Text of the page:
Of course, both Russia and Burma will end up “testing” the Biden administration. But not because either has much practical impact on the U.S. They’ll challenge Biden because he and those around him believe that America is entitled to impose its will on the rest of the world. So Biden will act, only to fail to achieve anything useful. Because—I know reading this will risk putting members of the Blob into cardiac arrest—the world does not revolve around Washington. Other governments act for their own reasons and routinely ignore the wishes of Blob members. Again and again.
The solution to this obvious travesty is simple. Washington should say and do less.
Functioning democracy in Russia would be best for Russians and Americans, but it really doesn’t much matter to the U.S. First, Moscow does not threaten the United States. America is far stronger militarily and economically, and the advantage essentially doubles when you count NATO and its members. Moreover, the U.S. and Russia have no conflict over basic issues, such as territory. Only over Washington’s determination to rule everyone everywhere, including Russia at home and abroad.
Second, there is little the U.S. can do to influence Russia’s internal politics. Despite many efforts, Washington has never succeeded in sanctioning another nation, friend or foe, into democracy. Most people, including Americans, are nationalistic. They resent and resist outside interference in their countries’ internal affairs.
Third, democratic elections in Russia could bring to power people even more inclined to confront the U.S. internationally. Contra the seeming conventional wisdom in Washington, criticism of an anti‐American autocrat does not mean an opposition politician is an America‐friendly liberal. In Russia, liberalism disappeared as a political force decades ago. And sorry to say, there is no faction preaching submission to Western demands. Putin’s annexation of Crimea was popular. His attack on the country of Georgia—whose Washington‐backed president stupidly started the conflict by bombarding territory with Russian soldiers, a major no-no—was widely supported, including by Navalny.
So the Biden administration should make a deal with Moscow. Limit nuclear arms. Halt NATO expansion. Stop supporting anti‐Ukrainian rebels. Negotiate confidence‐building limits on conventional forces and deployments. Downplay competition in secondary countries, such as Cuba, Syria, and Venezuela. Stop election interference. Urge democracy but recognize that the decision will be made by Russians, not Americans.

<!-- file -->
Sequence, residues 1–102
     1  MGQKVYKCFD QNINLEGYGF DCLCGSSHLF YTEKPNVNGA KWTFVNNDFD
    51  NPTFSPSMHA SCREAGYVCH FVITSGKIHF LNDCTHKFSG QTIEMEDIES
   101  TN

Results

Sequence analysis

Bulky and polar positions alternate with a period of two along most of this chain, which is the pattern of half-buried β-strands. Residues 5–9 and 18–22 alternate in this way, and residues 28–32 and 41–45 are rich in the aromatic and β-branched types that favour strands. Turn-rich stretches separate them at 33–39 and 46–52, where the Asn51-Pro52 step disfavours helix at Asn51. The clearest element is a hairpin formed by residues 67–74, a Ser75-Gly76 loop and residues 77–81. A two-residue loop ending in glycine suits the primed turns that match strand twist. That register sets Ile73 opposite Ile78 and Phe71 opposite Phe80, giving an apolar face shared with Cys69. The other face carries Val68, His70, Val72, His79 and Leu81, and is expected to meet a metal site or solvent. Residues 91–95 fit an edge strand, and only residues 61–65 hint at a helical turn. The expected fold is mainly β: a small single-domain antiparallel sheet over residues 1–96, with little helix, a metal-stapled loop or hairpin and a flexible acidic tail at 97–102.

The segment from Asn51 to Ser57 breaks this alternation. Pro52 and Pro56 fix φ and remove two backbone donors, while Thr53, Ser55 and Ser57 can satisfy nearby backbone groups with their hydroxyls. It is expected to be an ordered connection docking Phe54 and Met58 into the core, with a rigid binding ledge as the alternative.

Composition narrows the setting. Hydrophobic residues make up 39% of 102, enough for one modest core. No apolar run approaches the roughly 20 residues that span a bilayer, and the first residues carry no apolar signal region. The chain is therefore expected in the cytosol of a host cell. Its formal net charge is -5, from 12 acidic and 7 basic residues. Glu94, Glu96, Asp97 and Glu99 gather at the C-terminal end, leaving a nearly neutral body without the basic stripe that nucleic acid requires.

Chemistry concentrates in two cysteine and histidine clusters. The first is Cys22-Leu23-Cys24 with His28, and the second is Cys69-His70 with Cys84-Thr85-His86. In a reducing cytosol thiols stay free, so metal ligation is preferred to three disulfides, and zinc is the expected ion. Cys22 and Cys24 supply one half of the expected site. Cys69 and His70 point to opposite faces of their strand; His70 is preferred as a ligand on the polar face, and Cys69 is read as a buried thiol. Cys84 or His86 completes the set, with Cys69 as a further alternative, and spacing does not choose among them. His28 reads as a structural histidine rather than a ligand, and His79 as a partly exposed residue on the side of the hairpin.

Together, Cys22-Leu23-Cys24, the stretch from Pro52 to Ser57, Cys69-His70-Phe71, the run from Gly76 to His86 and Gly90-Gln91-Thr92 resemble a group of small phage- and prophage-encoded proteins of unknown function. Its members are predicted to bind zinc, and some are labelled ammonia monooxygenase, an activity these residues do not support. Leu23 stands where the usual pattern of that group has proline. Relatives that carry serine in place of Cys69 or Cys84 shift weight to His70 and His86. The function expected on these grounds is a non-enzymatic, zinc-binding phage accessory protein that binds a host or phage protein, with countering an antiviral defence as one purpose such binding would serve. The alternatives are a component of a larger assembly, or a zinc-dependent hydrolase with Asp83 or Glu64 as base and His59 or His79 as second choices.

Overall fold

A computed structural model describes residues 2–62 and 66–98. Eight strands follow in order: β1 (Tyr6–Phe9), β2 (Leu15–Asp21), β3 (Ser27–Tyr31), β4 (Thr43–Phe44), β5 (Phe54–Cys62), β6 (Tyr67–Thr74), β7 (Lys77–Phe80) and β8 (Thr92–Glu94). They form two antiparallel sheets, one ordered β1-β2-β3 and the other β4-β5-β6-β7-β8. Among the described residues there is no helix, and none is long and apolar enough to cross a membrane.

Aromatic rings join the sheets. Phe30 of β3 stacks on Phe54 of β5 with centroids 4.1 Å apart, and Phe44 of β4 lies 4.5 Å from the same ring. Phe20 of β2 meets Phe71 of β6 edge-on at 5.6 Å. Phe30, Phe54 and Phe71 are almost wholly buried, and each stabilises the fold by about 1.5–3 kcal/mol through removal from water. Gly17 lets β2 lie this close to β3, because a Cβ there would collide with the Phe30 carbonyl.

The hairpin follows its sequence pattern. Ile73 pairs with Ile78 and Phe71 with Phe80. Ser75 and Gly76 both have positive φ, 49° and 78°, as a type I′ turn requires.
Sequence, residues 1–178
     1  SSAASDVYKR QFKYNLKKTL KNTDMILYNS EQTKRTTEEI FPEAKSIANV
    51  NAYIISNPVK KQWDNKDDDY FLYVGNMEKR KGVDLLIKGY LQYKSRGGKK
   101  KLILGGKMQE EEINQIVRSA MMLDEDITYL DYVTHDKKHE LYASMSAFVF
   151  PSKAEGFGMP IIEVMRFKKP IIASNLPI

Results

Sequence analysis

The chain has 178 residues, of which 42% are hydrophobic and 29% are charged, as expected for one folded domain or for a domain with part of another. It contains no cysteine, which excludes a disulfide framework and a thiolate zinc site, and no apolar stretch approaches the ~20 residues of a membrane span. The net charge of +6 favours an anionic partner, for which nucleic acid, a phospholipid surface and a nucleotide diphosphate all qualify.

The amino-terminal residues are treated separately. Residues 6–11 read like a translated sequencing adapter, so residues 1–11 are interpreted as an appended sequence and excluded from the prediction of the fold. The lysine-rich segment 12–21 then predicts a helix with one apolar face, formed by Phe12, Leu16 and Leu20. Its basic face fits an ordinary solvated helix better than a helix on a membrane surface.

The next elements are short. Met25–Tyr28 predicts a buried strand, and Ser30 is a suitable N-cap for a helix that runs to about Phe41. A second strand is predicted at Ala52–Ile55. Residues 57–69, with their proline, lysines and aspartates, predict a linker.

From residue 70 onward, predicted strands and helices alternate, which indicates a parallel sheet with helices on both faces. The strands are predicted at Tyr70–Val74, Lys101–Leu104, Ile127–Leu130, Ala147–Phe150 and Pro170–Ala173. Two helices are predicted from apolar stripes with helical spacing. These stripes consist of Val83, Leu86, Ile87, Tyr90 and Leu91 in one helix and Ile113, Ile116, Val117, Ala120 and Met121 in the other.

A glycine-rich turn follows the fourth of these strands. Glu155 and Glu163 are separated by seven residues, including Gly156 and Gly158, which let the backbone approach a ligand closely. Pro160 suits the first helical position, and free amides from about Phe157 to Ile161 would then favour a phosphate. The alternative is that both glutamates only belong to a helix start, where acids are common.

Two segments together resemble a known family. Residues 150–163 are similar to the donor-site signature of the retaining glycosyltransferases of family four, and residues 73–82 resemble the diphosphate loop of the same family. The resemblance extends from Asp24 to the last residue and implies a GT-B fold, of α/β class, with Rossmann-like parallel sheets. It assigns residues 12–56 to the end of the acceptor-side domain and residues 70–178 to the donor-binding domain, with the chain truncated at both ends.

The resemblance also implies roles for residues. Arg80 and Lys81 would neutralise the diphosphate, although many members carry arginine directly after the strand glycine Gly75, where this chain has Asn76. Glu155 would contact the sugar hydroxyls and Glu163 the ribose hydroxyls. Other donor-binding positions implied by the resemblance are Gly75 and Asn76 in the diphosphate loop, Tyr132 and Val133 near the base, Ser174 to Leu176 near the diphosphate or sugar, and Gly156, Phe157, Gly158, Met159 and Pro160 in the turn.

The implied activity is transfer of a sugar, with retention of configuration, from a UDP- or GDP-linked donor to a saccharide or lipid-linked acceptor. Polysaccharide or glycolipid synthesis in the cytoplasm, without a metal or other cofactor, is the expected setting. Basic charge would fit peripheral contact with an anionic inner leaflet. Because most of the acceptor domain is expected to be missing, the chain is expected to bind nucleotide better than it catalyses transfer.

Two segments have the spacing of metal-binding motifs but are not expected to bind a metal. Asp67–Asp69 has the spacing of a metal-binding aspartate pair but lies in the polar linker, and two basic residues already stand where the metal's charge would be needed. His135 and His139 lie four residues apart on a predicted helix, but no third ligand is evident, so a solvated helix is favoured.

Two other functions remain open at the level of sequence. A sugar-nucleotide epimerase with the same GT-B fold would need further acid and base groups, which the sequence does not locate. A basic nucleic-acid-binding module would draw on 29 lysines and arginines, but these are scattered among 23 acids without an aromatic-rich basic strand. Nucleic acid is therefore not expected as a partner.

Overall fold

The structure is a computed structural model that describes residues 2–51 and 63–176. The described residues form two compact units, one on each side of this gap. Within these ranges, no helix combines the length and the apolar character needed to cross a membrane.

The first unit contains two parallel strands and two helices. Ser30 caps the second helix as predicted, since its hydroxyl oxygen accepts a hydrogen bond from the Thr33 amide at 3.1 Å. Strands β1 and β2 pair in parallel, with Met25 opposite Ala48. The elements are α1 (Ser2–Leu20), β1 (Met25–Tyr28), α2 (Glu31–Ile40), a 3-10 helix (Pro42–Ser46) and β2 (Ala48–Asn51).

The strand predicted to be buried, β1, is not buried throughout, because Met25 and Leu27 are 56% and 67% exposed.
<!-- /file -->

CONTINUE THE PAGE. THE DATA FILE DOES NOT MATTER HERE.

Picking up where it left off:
Washington should take a similarly restrained approach to Burma. There are few nations that matter less to the U.S. geopolitically—that’s the reality, not a criticism. The country was isolated and hostile during the Cold War. It stayed that way after the Soviet collapse. Then it changed, kind of. Virtually no one in Washington noticed other than those who study or visit the country (like me). Bordering China, Burma cannot escape Beijing’s influence, but that doesn’t really matter much to America.
The Tatmadaw realizes that there is little Washington can do about events in Naypyitaw. The original junta maintained control for decades despite being heavily sanctioned and lacking outside support. Having long endured international isolation, the generals are prepared to face the same again. They also realize they can rely to some degree on China, though they prefer not to be dependent on anyone. However, they may have underestimated the domestic challenge they face—the population is very different than in 1962 or 2011 and so far is not meekly submitting to renewed military rule.
The Biden administration should let friendly states in the region take the lead with Burma. Washington should sanction the generals and military businesses while leaving more direct action to others. The U.S. lacks both the means to force events in Burma and a reason to do so.
Much happens in the world that is contrary to American values and interests, such as recent events in Russia and Burma. Yet people in those nations aren’t particularly interested in what Americans believe. American foreign policy would improve substantially if its practitioners stopped believing that the world revolved around them.